CS1951I

Welcome to CS for Social Change! This studio course gives students the opportunity to iteratively design, build, and test technical projects in partnership with different social change organizations.

Course Information

CS1951I is taught by Professor Ugur Cetintemel and Professor Philip Klein. Class is held every Monday and Wednesday from 3:00 to 4:20 pm in CIT 477 (Lubrano).

In order to take CS 1951I, you should have taken CS 32, CS 33 or CS 132. You also need to complete and submit the course application by January 15th.

Students in the 2018-19 course are currently working on one of five projects. Students assigned to work with Uplift are working on building a web application that visualizes data from a research project to help make conventions safer and more inclusive. Separately, other students in the class are working with Baltimore Corps to build a web application for individuals and organizations to help them advance their impact in Baltimore’s social sector, while students working with Parvenu are using artificial intelligence to personalize check-out counter donations. Students collaborating with SWC are developing a platform to automate searches on Russian social network vk.com to help researchers track and monitor content that can be considered hateful in nature. Finally, students working with Mia Learning are aggregating book reviews from online sources to motivate children to read and learn to make powerful reading choices.

"Students will work in a studio environment to iteratively design, build, and test technical projects in partnership with different social change organizations. Students will be placed in small teams to collaboratively work on projects that will range from, for example, developing a chatbot to aid community engagement to conducting geospatial data analytics. Through the course, we will also reflect on our positionality and ethics in engaging in social impact work and what it practically means to leverage technology to create social change on an everyday basis."
– Course Announcement

Guides & Documents

Check out the following useful documents for questions you have about course organization, tools we use, and other helpful resources.

Inclusive Course Goals & Actions

CS1951I is committed to the full inclusion of students. Our course goals and actions for the semester are the following:

  1. Goal: Ensure that students of different religious backgrounds feel supported by the staff.
    Action: A Google form for students to request extensions or excused absences for a religious holiday that Brown does not officially observe.


  2. Goal: Allow students to voice their opinions about the course.
    Action: An anonymous feedback form for students to submit any concerns or questions they have about the course.

Assignments

Readings

All reading responses are due Tuesdays at 6 pm.

WeekUnitReadingsResponse FormDue
1I: Professional Ethics You Are Not a Gadget (Lanier), chap. 1
What is Computer Ethics? (Moor)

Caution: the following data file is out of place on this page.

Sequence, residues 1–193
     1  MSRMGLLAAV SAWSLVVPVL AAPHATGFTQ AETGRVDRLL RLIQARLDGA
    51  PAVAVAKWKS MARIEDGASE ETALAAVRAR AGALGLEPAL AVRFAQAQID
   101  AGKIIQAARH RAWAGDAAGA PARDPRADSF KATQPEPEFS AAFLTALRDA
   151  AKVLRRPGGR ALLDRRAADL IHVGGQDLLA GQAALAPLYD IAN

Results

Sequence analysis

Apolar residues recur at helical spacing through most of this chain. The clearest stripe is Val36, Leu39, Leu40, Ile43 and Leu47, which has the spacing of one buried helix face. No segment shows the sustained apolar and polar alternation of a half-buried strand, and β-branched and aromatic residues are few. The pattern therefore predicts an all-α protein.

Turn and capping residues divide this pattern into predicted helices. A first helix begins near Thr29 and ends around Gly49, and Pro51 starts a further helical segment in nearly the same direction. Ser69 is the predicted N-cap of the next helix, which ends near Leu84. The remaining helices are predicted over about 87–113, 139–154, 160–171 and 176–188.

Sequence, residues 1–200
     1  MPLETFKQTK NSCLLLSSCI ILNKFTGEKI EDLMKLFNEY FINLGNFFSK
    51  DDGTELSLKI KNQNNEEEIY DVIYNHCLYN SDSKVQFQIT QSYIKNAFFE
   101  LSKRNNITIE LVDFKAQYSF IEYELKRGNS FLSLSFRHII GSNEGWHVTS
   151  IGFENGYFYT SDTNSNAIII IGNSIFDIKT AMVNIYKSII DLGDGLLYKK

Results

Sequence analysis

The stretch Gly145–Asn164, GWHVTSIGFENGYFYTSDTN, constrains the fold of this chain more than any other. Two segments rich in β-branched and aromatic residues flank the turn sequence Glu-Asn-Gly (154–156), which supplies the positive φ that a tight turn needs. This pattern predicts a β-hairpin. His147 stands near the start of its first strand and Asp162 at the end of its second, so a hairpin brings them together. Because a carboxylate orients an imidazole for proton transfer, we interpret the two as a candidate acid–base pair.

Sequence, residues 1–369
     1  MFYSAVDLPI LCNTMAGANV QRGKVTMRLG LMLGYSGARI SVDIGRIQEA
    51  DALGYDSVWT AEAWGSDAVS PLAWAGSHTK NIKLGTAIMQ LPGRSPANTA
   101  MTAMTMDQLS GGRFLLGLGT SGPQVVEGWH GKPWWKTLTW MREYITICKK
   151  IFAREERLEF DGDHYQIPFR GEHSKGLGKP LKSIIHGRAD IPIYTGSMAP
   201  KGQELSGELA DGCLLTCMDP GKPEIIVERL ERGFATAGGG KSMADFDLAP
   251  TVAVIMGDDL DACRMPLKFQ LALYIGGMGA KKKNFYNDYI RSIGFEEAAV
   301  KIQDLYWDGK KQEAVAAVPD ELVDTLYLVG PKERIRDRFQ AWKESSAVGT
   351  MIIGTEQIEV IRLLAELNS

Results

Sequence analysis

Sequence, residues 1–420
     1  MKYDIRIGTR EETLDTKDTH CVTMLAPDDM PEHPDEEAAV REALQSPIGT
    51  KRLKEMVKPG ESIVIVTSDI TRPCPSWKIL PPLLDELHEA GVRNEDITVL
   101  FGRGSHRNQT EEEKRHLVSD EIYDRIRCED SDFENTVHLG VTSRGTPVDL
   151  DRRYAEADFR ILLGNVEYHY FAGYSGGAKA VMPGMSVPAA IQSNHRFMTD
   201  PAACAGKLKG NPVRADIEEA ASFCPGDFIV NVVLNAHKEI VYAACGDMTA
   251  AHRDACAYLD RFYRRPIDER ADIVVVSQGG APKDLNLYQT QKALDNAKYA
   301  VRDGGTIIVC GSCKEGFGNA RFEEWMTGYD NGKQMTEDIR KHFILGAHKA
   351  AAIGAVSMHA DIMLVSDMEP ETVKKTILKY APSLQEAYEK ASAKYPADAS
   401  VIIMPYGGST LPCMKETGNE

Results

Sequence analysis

ACM Code of Professional Ethics
Week 1 Response1/29
2II: Addictive Technology The Binge Breaker
Ethical Issues of Gamified ICT Tools for Higher Education
Week 2 Response2/5
3III: Accessibility Technology An Alphabet of Accessibility Issues
Disability, Human Rights, and Justice
Introduction to Web Accessibility

Resources:
Accessibility Checklist
ARIA Web Dev Specifics
WAVE Testing Tool
AChecker Testing Tool
Week 3 Response2/12
4IV: Digital Media and Democracy Amusing Ourselves to Death ch. 1, 5, 6, 7 (Postman)
#Republic ch. 1 (Sunstein)
Week 4 Response2/19
5V: Postcolonial Computing Postcolonial Computing (Irani et. al)
M-PESA: Mobile Money for the "Unbanked" (Hughes & Lonie)
How We Built FB Lite
Week 5 Response2/26
6VI: Gatekeeping in Silicon Valley As Google Fights Fake News, Voices on the Margins Raise Alarm (Wakabayashi)
Report on Moderation (Caplan) pg. 3-7, 13-14
Algorithms of Oppression (Noble), ch. 1
Brotopia: Breaking Up the Boys' Club of Silicon Valley (Chang), pg. 1-14, 15-36
Week 6 Response3/5
7VII: Midpoint Presentations Rubric
Submit Slides3/11
9IX: Ethics of Online Surveillance Guest Lecture Assignment
-4/2
10X: Algorithmic Bias in Machine Learning Weapons of Math Destruction ch. 0, 1, 3, 5 (O'Neil)
The ethics of algorithms: Mapping the debate (Mittelstadt et. al)
Week 10 Response4/9
11XI: Future of Labor, Job Automation, and The Sharing Economy Weapons of Math Destruction ch. 6, 7(O'Neil)
The Taking Economy: Uber, Information, and Power (Introduction and Part 3) (Calo & Rosenblat)
Automation, Jobs, and the Future of Work (McKinsey Report)
Week 11 Response4/16
12XII: Government Regulation & Grassroots Organizing Internet Giants Face New Political Resistance in Washington (Kang)
Tech Workers Versus the Pentagon (Tarnoff)
Google Workers Reject Silicon Valley Individualism in Walkout (Schieber)
Week 12 Response4/23
13XIII: Final Presentations Rubric
Submit Slides/Code5/1

Staff

Professors

Ugur Cetintemel

Philip Klein

HTAs (cs1951Iheadtas@lists.brown.edu)

Elaine Jiang
(ejiang1)

Heila Precel
(hprecel)

UTAs (cs1951Itas@lists.brown.edu)

Uyen-Phuong (U.P.) Nguyen (unguyen)

Alexandra Paul
(ap70)

David Schurman
(dschurma)